Paul Snyder, Archivist
On March 29, 1944 Garret Bolkenstien participated in a radio broadcast out of London, England. The exiled Minister for Education, Art, and Science for the Netherlands, Bolkenstien urged citizens in the Nazi occupied region to preserve diaries, letters, and other ordinary communications that an archive might be assembled. This archive would serve posterity as a testament to life in the Netherlands under Nazi control.
A diarist since receiving one for her thirteenth birthday, Bolkenstien’s radio broadcast was a catalyst for young Anne Frank. She began to write in earnest with the idea that, perhaps, others might someday read her work. Rewriting her previous entries, editing and adjusting the dialogue to make it more understandable to future readers, she was able to continue her work for less than six months until her family was arrested and deported to concentration camps in August of that year. Anne would die in Burgen-Belsen about eight months later.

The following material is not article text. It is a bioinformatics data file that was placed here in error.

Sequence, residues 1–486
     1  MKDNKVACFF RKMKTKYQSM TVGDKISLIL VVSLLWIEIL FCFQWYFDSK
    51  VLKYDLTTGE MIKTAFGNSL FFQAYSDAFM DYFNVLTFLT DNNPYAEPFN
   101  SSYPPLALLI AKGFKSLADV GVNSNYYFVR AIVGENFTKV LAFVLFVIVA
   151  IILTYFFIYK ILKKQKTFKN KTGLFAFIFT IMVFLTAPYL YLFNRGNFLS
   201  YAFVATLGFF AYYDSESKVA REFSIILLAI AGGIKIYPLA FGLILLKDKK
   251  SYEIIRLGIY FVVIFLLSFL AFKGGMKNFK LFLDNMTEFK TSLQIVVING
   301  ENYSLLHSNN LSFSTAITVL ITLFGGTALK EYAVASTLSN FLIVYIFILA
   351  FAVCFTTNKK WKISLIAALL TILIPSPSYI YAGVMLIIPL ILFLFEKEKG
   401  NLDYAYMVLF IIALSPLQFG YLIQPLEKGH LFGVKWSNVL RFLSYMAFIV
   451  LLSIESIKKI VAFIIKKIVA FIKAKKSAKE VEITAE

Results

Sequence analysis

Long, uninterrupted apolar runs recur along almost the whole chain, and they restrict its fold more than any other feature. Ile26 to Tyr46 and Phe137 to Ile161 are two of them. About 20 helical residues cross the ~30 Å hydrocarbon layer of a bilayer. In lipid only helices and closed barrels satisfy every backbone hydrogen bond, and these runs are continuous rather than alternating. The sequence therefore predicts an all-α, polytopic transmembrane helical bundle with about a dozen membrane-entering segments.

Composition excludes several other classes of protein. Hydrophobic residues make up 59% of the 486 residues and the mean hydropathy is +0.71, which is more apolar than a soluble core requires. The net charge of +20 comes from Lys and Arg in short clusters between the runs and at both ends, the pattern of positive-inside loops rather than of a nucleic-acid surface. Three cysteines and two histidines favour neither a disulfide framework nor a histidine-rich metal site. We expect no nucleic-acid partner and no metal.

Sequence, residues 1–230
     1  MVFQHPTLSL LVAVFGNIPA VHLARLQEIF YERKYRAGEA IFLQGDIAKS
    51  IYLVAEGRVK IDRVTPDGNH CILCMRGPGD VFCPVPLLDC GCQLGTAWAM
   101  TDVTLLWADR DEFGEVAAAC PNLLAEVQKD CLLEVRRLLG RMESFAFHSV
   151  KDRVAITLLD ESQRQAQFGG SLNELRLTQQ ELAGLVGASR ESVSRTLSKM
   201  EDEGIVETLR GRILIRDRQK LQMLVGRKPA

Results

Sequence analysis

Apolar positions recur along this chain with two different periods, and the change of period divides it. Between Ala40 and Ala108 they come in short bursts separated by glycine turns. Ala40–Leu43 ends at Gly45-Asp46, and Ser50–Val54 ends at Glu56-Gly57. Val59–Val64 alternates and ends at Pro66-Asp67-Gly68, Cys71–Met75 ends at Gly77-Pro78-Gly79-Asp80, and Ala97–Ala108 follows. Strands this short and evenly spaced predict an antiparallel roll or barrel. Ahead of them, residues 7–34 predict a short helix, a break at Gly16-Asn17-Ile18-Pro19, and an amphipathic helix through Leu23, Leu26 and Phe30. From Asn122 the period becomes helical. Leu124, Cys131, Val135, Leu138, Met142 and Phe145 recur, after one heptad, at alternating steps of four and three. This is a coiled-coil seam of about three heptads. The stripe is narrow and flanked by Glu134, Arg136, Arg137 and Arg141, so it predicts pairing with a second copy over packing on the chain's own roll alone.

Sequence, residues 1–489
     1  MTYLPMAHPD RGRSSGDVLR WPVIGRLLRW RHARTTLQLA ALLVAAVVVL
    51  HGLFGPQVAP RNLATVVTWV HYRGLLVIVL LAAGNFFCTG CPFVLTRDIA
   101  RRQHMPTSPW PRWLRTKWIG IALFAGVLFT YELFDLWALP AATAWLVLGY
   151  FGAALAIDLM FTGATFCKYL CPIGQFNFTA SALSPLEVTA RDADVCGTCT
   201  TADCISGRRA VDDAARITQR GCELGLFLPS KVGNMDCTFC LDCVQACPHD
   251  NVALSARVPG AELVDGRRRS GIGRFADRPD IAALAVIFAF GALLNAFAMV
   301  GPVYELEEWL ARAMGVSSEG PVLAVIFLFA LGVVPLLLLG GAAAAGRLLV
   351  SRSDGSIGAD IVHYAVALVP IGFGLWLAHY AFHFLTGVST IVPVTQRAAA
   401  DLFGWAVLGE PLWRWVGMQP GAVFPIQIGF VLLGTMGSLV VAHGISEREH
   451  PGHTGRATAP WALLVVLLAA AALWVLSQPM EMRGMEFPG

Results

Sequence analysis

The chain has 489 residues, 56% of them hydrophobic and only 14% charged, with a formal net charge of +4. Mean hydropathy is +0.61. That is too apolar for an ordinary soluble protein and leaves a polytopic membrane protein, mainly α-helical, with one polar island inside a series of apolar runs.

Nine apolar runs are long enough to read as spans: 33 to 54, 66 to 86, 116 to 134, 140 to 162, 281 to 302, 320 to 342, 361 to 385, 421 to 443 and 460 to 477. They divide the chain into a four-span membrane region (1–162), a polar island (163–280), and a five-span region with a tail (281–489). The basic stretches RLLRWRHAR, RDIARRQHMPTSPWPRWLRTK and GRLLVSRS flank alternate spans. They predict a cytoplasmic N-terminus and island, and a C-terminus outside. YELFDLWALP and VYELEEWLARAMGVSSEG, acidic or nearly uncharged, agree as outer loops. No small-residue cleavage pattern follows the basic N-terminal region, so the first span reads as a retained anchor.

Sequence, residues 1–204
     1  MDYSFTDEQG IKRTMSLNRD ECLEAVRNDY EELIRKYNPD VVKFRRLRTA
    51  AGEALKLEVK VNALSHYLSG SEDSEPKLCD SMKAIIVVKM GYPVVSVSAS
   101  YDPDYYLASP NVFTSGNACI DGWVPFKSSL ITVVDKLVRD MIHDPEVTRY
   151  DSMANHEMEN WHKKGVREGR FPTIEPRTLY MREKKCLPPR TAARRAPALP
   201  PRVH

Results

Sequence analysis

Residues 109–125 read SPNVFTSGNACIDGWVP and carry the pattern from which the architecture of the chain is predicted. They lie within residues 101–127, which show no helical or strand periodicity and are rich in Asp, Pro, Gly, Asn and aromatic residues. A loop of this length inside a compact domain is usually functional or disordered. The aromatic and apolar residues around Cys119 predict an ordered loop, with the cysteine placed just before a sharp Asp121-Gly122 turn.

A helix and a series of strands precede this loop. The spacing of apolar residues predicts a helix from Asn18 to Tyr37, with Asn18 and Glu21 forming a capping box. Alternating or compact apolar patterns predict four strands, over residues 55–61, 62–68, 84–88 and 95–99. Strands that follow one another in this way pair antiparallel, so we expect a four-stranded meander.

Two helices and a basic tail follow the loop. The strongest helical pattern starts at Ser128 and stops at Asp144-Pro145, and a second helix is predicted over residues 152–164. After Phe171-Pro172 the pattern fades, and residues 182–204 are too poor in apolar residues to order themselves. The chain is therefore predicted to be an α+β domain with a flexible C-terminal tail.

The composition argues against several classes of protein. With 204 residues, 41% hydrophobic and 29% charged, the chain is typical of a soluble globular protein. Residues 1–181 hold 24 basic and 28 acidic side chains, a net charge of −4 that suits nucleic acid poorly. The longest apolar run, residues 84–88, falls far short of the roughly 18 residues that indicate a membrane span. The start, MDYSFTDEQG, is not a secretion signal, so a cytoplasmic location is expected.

I can tell you as an archivist how valuable firsthand accounts are when assembling the story of the people and events of an era. Soldier diaries provide the fine tuning needed to flesh out the sometimes analytical recitation of events that chronicle our collective war experience. Letters and journals of Northville’s founding families have allowed us to understand the experience of how our community grew. Newspapers and government records from those times are invaluable sources of information, but it’s the personal correspondence and journals that give us the understanding about how folks felt as their friends, relatives, or neighbors handled the events that have shaped our community.
In the scope of history, this Covid-19 pandemic will heavily influence the future of our community, our country, and our world. How we behave, what we think, and what we experience will have its place when history is written. I encourage you to record your experiences in any way that is comfortable. Keep a journal, take pictures and videos, post a blog, or create a piece of art. It all adds value to the story.
When Mill Race Village offices reopen, I will welcome contributions in an effort to document Northville during this crisis. A collection will be made and added to the Northville Historical Society archive as a chronicle of these times.